Also in this Issue

Missing Issue of SPIN Found; Congress Acts on APA's Call to Increase Support for VA Research; APA Urges Congress to Increase Spending for Research, Services; Friends of NIDA States Its Case to Appropriations Committees; APA Provides Colorful Input to FDA; APA Members Participate in Buprenorphine Summit; Friends of NIDA Urge Membership in Tobacco Caucus; Science Policy Staff Flee to Canada; APA Names Summer Research Fellows in DoD Counterintelligence; APA Cosponsors Drug Abuse Liability Conference; Psychologists Talk up Basic Research at Latest Science Advocacy Workshop; NHTSA Alerted to Human Factors Research on Driver Distraction

Missing Issue of SPIN Found

Dedicated readers of SPIN may have noticed something missing from their in-boxes last month…the April Issue. I'll dispense with the dog-ate-my-book approach and confess that we were just too busy last month to produce SPIN. And so this first, and hopefully last, double-issue. I apologize for any distress caused by a month's absence of science policy insider news. -Geoff


Congress Acts on APA's Call to Increase Support for VA Research

Just this week, the new Military Quality of Life and VA Appropriations Subcommittee in the House of Representatives drafted legislation that would double support for mental health research within the Department of Veterans Affairs (VA) for Fiscal Year 2006. This directly follows APA's testimony before the Subcommittee, in which Executive Director for Science Steven Breckler urged lawmakers to increase funding for the VA's Medical and Prosthetic Research Account, and the psychological research program in particular. The VA funds intramural research in support of its clinical mission to care for veterans, and VA psychological scientists conduct research in high-priority areas such as mental health, substance abuse, aging-related disorders, and physical and psychosocial rehabilitation. The proposed increase in VA research dollars comes after many years of flat funding and cuts in the Administration's budget request for the account in Fiscal Years 2005 and 2006. The draft funding legislation now will go before the whole House for a vote, and eventually will be "conferenced" with the Senate's funding bill before becoming law.


APA Urges Congress to Increase Spending for Research, Services

In testimony submitted to the House and Senate Appropriation Subcommittees on Labor, Health and Human Services and Education, APA called for Congress to continue the progress begun with the doubling of NIH’s budget several years ago, by increasing the NIH budget by six percent instead of the 0.5 percent requested by the Administration. APA also suggested that the National Institute of Mental Health balance its portfolio of basic behavioral research and applied, disease-related research in order to continue feeding the next generation of behavioral treatments and other interventions. Furthermore, APA urged the Appropriations Committees to continue directing the National Institute of General Medical Sciences to develop a program in basic behavioral sciences research, or training, or both. The statement read, “Much basic research is supported at NIH by the National Institute of General Medical Sciences, yet NIGMS funds very little basic behavioral research. APA asks that the committee continue to encourage or direct NIGMS, as it has for the past five years, to fill some of the gaps that now appear in NIH support of basic behavioral research and research training.”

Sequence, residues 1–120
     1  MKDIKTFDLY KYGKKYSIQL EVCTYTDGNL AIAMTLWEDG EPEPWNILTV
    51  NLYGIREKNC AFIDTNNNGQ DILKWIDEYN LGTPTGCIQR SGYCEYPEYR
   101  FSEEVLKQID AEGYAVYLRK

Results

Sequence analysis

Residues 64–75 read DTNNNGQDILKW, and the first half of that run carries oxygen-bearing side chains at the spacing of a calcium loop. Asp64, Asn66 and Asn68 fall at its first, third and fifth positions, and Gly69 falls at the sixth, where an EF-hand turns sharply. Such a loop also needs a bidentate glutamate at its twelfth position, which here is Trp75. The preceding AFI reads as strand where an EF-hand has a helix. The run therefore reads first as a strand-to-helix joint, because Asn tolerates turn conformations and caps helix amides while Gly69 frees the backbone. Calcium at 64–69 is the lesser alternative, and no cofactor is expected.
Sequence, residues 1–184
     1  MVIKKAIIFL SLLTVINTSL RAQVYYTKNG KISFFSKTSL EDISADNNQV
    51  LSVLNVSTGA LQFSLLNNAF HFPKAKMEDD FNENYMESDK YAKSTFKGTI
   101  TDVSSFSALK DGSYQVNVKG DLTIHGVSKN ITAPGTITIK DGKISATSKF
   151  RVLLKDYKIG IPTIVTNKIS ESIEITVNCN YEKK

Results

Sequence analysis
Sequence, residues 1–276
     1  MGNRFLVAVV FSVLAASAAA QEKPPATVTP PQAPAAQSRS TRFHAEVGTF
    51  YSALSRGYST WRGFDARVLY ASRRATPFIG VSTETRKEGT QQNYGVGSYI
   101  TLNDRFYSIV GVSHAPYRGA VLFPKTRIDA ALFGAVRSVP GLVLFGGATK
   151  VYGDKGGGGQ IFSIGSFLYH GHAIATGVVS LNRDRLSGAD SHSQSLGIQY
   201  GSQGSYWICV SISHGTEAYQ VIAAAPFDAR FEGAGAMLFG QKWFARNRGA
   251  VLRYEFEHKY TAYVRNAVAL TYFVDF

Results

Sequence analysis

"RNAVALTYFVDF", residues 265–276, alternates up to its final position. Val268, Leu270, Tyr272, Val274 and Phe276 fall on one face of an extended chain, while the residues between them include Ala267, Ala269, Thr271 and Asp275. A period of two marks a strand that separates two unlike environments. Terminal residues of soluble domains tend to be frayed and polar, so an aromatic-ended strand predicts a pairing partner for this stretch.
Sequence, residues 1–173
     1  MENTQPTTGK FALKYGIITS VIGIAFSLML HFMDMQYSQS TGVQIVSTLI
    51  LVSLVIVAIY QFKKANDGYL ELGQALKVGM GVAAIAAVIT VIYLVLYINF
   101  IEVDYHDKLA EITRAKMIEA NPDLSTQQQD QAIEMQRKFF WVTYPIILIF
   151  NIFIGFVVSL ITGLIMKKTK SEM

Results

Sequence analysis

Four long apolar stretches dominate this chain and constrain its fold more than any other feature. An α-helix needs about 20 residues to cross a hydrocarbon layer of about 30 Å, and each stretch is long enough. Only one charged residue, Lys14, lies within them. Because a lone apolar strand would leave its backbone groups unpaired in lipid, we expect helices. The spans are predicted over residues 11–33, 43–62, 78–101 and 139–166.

APA’s statement called for an additional $15 million for Child Abuse Prevention programs in the Department of Health and Human Services, development of additional research-based programs to prevent bullying, and additional funding for the Graduate Psychology Education program.


Friends of NIDA States Its Case to Appropriations Committees

On April 1, the Friends of NIDA coalition submitted written testimony for the record in support of funding for the National Institute on Drug Abuse to the Labor, Health and Human Services Appropriations Subcommittee of the Senate Appropriations Committee. The testimony, advocating for a 6% increase in NIDA's FY06 funding level, summarized a variety of programmatic initiatives and described both NIDA success stories as well as challenges and opportunities. The House version of the testimony, identical in content, was submitted April 15.